Finding a recruitment partner to help you find top-notch employees gives you a number of benefits: saves time, protects your company’s privacy, gives you access to a better pool of candidates, and allows you to tap into a network of professionals who don’t use career sites or job boards.
Partnering with the right recruiting firm to match the needs of your organization is the first step in building a solid team to fuel a more productive and profitable business. Identifying and working with an experienced recruiter is the quickest way to find the best available talent in the market.
- choose a recruiter who has experience placing the kind of people you are interested in hiring
- understand that most recruiters work on a contingency basis
- be as clear as possible about the kind of professional you are looking for
- ask an experienced recruiter's opinion about a reasonable salary to offer a candidate based on his or her experience and background
- act with a sense of urgency and give feedback to the recruiter as you're interviewing the candidates
- adopt the attitude that the recruiter is trying to do something to you rather than for you
- think that a career website can do what a live recruiter can do
- dictate to a recruiter exactly how the process should go
- leave the recruiter out of the salary negotiation
When you contact a firm, ask to speak to their most experienced recruiter in your field or discipline. You will discover quickly which ones know what they're doing and which ones don't. A 22-year-old who started last week is less likely to be as effective as a more experienced recruiter.
Unless you need to pay a retainer – an amount of money paid to ensure commitment on the part of the recruiter – most firms charge 25-30 percent of the first year’s salary. They don't get paid unless they successfully find a candidate that you hire. Most contingency recruiters with 10 years or more experience can produce the same quality of candidate that a retained search firm can. And given that the fee is contingent on success, they are highly motivated.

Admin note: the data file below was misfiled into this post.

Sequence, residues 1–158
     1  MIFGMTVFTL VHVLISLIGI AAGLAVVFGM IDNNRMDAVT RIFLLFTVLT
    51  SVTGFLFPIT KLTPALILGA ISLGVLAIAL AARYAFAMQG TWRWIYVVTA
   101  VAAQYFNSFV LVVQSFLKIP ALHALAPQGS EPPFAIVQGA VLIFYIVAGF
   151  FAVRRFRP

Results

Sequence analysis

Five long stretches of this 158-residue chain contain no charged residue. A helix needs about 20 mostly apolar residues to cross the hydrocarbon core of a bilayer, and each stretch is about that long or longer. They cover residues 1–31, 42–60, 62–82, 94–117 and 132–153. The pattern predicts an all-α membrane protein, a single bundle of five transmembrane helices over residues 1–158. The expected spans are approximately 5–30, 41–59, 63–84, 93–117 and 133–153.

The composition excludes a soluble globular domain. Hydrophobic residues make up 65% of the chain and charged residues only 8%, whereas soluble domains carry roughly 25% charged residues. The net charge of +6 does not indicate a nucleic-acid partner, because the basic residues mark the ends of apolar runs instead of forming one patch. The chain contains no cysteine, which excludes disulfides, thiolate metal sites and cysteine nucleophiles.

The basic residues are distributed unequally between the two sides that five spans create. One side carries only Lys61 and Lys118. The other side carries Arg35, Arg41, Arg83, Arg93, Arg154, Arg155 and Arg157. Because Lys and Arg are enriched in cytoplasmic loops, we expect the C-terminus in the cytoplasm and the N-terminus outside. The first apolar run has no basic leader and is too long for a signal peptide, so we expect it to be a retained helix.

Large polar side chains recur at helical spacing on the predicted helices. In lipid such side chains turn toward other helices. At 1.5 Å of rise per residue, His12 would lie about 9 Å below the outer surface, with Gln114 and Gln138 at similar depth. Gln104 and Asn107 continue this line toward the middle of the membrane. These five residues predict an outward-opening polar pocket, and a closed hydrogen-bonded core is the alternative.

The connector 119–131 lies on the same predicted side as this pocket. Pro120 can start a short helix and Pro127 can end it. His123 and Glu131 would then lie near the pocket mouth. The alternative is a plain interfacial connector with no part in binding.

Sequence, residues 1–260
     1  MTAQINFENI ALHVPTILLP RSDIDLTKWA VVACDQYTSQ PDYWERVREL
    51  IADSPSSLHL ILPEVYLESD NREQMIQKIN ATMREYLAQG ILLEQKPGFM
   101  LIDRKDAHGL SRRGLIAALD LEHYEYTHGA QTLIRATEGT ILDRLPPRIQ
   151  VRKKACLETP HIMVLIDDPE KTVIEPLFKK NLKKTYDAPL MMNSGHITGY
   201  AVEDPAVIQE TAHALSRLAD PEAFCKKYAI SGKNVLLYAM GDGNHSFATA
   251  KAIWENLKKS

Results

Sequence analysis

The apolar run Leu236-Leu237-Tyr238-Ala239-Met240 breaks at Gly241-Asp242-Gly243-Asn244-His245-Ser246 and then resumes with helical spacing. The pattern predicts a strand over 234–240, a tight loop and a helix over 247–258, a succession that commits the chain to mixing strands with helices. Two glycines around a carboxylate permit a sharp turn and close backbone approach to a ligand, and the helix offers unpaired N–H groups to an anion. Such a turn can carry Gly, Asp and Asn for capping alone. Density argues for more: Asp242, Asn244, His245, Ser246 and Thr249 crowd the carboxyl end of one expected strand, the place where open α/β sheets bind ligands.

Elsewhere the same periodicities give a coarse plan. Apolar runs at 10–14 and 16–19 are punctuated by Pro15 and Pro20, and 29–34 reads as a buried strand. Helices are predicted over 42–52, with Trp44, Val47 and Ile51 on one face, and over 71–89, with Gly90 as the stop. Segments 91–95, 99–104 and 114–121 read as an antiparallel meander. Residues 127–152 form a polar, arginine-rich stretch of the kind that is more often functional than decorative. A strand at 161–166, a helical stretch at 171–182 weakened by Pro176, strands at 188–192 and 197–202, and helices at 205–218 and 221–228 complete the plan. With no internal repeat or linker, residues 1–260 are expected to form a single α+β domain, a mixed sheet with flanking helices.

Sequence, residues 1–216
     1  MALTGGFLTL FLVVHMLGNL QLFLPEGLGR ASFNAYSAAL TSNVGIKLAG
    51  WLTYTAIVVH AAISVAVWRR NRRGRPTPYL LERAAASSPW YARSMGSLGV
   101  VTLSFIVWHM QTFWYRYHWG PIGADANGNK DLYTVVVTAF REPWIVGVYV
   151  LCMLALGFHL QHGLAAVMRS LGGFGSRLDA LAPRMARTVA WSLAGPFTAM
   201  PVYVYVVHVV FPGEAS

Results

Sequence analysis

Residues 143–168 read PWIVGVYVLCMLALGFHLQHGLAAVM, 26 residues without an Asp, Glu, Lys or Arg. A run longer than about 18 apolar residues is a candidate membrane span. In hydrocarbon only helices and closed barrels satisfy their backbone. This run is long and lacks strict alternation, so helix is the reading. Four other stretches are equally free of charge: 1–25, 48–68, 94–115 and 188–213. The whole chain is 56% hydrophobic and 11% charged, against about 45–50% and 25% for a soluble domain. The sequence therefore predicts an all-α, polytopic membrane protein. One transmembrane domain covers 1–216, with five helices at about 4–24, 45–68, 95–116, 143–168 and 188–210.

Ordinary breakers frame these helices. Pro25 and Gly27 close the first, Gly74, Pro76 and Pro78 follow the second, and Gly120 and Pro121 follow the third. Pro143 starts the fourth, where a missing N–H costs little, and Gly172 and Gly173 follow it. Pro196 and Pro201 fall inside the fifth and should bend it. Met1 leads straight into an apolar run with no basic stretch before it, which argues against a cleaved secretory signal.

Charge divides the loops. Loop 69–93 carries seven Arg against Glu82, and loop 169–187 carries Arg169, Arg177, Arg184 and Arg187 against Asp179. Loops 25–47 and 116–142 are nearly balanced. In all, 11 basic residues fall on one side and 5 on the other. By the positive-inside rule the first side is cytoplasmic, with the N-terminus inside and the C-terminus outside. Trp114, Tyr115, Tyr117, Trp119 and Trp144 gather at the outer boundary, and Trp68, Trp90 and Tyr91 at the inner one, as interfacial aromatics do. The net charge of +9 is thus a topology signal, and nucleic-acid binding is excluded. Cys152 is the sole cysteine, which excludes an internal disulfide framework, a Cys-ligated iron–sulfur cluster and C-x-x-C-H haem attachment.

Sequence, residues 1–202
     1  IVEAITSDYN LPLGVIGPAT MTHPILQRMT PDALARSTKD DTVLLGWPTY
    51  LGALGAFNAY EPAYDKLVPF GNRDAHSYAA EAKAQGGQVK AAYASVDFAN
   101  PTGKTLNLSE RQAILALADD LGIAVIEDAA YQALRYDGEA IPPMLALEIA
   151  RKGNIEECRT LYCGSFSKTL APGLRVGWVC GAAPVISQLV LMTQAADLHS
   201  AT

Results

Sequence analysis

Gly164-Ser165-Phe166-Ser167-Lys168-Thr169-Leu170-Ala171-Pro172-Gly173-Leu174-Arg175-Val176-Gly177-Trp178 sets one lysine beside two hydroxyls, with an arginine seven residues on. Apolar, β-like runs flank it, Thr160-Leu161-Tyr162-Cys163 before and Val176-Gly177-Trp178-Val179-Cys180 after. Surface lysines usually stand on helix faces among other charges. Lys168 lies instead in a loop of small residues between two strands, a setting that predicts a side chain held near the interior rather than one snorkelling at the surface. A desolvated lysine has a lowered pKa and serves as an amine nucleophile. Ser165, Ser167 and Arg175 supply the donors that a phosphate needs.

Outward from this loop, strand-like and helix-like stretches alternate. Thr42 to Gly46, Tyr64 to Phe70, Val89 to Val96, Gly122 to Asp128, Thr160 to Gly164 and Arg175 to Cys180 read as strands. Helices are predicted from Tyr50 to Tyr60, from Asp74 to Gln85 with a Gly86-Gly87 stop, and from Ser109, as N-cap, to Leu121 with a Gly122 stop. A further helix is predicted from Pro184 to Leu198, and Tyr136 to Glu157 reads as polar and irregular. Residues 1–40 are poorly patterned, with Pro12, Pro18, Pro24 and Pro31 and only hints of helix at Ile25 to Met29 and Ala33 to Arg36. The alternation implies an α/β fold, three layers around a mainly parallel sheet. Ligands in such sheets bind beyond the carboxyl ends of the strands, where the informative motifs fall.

Communicate the experience and background you require with as much detail as possible. Provide the basic, foundational needs and avoid demands that may not be necessary. For instance, don’t require a degree when the job doesn’t call for it. A candidate with a degree doesn’t necessarily translate into a higher caliber employee. While preferring a degree or an MBA might be wise, stick with the absolutes.
Do ask an experienced recruiter's opinion about a reasonable salary to offer a candidate based on his or her experience and background
A good recruiter knows the market cold and can tell you how close your requirements are relative to the pay offer. Follow their lead. If they know what they're doing, they can provide a number of quality candidates within the salary range. Remember, they are working with you, not simply as advisors. Their attitude should be: “I'm here to help you get what you want.”
Do act with a sense of urgency and give feedback to the recruiter as you're interviewing the candidates
The quickest way to have your opportunity become low priority for a recruiter is to fail to communicate on a consistent basis. Keep them informed about the changes that might go on in your organization and the kind of person you might be seeking.
As with any of your business dealings, an adversarial or distrustful attitude while working with a recruiter only ensures failure. Understand that the recruiter is working for you, not against, and is trying to find top tier talent that fits into your corporate culture.
Some companies believe that all they have to do is post a job listing on one of the big career websites and get the same results as with a recruiter. Too often, these sites waste your money, time and resources – and you end up with candidates who are not quite right for your needs.
If you restrict your recruiter by telling him or her what strategy to take or insist that they follow some constricting process, like loading your company's talent management software with resumes, don’t expect them to take you on as a client. Asking them how best to proceed and then following their direction will ensure success.
Many excellent candidates turn down great opportunities because of misunderstandings. Recruiters earn their fee by managing the process for both sides of the desk. An experienced recruiter knows the pitfalls of the recruiting process and can keep mistakes from happening. When hiring authorities try to go it alone, without including the recruiter in each step of the process, they risk losing quality candidates.
You’re not simply looking for a recruiting firm, but a partner who can forge a long-lasting relationship. The best of the best know the industry and market, demonstrate a history of sourcing targeted talent, and consistently provide feedback and updates on searches and trends. Executed well, this partnership can be a win-win-win for you, the recruiter and the individuals you hire.